Have you ever wandered down the street or driven along a country road and stopped short because you just saw a bunch of plants that look like cannabis growing right in plain view? While this sight is likely to get more and more common as home cultivation laws continue to advance, up to a few years ago, a sight like this would make most people pull up for a closer look.
It’s certainly possible you have discovered someone’s private marijuana garden, but unless you live in one of the states where cultivation is legal, it’s more likely you simply saw plants that look like marijuana. Even in states where you can grow your own natural medicine, certified patients and recreational gardeners are often required to have their plants properly concealed from prying eyes, and even locked uptight.
So, if you didn’t just discover a secret grow op in the middle of your suburb, what did you find? Here are some plant species that are sometimes mistaken for marijuana:
Plants That Could Be Mistaken for Cannabis
From a distance or at a quick glance, the leaves of the cassava plant – a shrub with an edible root you might know as yuca – resemble the marijuana plant. Like the others in this list, the leaves feature leaflets that radiate out from a single point; that combined with their bright green color make initial misidentification easy.
Cassava leaves often have seven leaflets that are about as wide as indica strains, but more widely spaced, so they, like the Coral Plant, can stretch most of the way around the center.
There are many varieties of hibiscus, but some of them have leaves with the same leaflet as marijuana. The Red Leaf Hibiscus leaves look something like a mix between red maple leaves and cannabis, and Rose Mallow leaves have wide-spread leaflets similar to hemp or sativa strains, though they often have only a few sections, and these sections can be scalloped along the edges, rather than serrated like cannabis.
A plant also known as Hibiscus cannabinus or Deccan hemp, Kenaf is in fact not related the marijuana beyond the monophyletic group Rosid, despite the similarities in the leaves and the fact that it is harvested for the fibers of its stalks, just like cannabis hemp. The leaves faintly resemble indica strains of marijuana – wide leaflets that spread from the center, but the plants tend to have only three large leaflets with smaller leaflets on the edges.
Where cannabis plants grown for industrial hemp tend to reach between 2 and 4 meters in height, the kenaf plant, which looks kind of like bamboo stalks, averages 5.5 meters, providing considerable harvest potential.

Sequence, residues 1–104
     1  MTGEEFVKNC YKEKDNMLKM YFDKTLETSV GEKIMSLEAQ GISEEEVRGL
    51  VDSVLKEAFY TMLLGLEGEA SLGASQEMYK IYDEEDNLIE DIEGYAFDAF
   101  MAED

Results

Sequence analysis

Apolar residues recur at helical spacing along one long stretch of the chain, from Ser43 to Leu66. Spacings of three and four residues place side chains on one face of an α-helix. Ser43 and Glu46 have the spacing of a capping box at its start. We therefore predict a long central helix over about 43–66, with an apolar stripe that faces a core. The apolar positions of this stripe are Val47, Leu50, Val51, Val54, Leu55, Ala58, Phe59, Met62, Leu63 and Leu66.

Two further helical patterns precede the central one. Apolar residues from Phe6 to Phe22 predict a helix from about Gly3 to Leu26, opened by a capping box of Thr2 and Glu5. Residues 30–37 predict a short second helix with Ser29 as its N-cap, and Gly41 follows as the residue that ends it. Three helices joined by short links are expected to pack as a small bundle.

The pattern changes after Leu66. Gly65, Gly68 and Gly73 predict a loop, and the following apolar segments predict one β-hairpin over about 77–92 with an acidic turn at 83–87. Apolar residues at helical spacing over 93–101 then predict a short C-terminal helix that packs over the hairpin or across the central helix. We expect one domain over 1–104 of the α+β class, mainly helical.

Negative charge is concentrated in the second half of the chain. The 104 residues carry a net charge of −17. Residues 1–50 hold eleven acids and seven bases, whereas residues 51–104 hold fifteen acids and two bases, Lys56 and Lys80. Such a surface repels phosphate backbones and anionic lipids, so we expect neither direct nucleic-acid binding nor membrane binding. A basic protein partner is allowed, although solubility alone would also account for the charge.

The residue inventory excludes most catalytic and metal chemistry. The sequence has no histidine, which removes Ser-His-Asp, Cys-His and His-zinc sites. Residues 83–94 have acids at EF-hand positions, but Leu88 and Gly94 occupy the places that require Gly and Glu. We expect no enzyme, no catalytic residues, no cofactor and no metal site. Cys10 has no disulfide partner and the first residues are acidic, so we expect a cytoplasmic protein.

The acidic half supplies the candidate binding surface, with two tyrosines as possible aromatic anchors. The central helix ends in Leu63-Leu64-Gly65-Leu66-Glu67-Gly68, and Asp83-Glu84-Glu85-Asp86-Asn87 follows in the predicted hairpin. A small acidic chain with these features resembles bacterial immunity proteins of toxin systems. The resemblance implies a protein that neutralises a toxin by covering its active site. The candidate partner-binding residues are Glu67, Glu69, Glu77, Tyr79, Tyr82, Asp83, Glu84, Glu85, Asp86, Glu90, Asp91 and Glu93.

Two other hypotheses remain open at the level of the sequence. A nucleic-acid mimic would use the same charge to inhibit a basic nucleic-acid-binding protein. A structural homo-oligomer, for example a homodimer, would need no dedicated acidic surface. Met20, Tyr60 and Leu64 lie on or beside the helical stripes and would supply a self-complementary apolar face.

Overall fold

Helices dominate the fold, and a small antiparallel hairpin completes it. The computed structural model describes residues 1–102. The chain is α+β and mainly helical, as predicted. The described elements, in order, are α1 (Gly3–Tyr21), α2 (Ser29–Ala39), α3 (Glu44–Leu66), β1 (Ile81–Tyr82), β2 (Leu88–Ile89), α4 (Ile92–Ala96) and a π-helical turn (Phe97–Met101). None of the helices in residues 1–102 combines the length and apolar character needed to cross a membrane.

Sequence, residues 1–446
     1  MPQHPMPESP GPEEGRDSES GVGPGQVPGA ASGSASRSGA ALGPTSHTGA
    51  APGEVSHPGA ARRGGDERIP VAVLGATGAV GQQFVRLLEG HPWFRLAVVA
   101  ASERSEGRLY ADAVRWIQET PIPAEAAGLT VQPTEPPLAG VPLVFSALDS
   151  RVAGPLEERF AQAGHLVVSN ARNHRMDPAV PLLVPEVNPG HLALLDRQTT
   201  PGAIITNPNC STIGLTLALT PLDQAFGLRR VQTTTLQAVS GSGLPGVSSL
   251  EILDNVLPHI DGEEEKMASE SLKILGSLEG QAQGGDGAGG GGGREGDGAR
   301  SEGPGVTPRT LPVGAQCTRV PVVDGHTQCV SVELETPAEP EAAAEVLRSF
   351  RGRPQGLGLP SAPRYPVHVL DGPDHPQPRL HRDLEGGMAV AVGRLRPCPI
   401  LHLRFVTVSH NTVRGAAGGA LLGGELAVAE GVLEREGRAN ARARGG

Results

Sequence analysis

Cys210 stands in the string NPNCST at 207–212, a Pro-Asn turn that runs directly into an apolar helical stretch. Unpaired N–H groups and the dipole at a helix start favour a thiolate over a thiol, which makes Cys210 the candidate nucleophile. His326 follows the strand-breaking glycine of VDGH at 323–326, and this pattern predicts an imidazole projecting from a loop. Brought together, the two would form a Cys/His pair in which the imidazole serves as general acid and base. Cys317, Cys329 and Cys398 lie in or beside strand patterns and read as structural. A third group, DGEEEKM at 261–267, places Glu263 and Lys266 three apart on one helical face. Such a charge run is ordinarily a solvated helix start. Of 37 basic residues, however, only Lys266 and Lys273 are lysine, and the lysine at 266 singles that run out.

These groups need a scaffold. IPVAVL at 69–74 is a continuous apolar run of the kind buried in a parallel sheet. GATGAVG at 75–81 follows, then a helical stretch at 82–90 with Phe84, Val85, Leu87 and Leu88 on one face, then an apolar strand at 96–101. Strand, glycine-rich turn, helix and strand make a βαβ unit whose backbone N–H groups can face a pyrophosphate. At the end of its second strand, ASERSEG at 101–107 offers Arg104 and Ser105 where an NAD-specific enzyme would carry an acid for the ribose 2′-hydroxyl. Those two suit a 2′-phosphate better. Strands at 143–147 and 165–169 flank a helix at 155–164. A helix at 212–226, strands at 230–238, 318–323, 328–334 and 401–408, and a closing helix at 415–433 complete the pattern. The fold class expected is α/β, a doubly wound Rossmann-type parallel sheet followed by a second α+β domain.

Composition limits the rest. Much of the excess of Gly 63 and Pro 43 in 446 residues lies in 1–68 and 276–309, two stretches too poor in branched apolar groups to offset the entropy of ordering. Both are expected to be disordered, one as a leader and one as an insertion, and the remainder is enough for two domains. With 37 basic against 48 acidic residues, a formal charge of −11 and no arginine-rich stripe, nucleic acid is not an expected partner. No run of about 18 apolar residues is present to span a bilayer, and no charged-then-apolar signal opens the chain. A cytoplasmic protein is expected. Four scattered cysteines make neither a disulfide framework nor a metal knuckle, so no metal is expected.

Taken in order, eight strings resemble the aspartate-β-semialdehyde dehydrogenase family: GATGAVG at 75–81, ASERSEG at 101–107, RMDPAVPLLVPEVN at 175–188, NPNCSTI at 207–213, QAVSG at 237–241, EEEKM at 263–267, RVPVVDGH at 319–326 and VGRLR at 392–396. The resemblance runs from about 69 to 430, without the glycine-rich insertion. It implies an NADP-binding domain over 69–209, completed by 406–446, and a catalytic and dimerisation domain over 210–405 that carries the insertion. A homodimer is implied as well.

The Coral Plant develops beautiful flowers that look strikingly similar to a cluster you might find in a fish tank or reef, but before they flower, these evergreen shrubs look rather like a different being entirely: cannabis!
While the plant isn’t exactly a dead ringer for marijuana, the leaves do have many leaflets that stem from a central point, much like cannabis leaves. Unlike cannabis, however, Coral Plant leaflets can extend in almost a complete circle around the central point, and often have split tips.
When It Really is Weed:
Read What States Let You Grow Marijuana?
Spider Flower Plant
Spider Flower (Cleome) leaves can look quite a lot like indica cannabis leaves. They have the same wide leaflets that grow smaller as they near the stem, and the same prominent veins on each leaflet. Despite a comparable outdoor height of up to 5 feet, once Spider Flower plants begin flowering, it’s pretty hard to imagine anyone mistaking the bold white or purple bursts as marijuana!
This cute little plant – which is actually a deciduous shrub, not a fern – is native to North America and doesn’t look anything at all like cannabis. It’s been added to this list, however, because it’s reported to smell a lot like everyone’s favorite smokeable herb. Sweetfern leaves – long bumpy strands that stretch out from the central branch – are used as tea, and the small burrs that grow among the leaves contain edible “nutlets”.
Like Sweetfern, Skunk Cabbage doesn’t look like cannabis and isn’t actually a cabbage, but it made this list because the skunky smell it emits can be mistaken for marijuana. This interesting-looking plant develops a large calla lily-like flower and is grown as an ornamental plant. Its roots are used as a laxative by bears after they awake from hibernation, and the leaves were traditionally used to alleviate swelling and to wrap fish for baking.
Also called brown hemp or Indian hemp, Sunn hemp is also of the rosid class, and can reach over 30 feet in height. Despite its name and industrial uses, Sunn hemp doesn’t really look that much like marijuana. Some illicit growers talk about using this plant as cover for their cannabis crops, though choosing something that could be mistaken as marijuana seems a strange choice of “disguise”.
What’s your favorite cannabis copycat?
If a look-alike just won’t cut it, try one of these fantastic – and authentic – cannabis seed strains from Growers Choice:
- American Haze feminized cannabis seeds
- Blueberry Auto-Flowering feminized cannabis seeds
- Cheese Auto-Flowering feminized cannabis seeds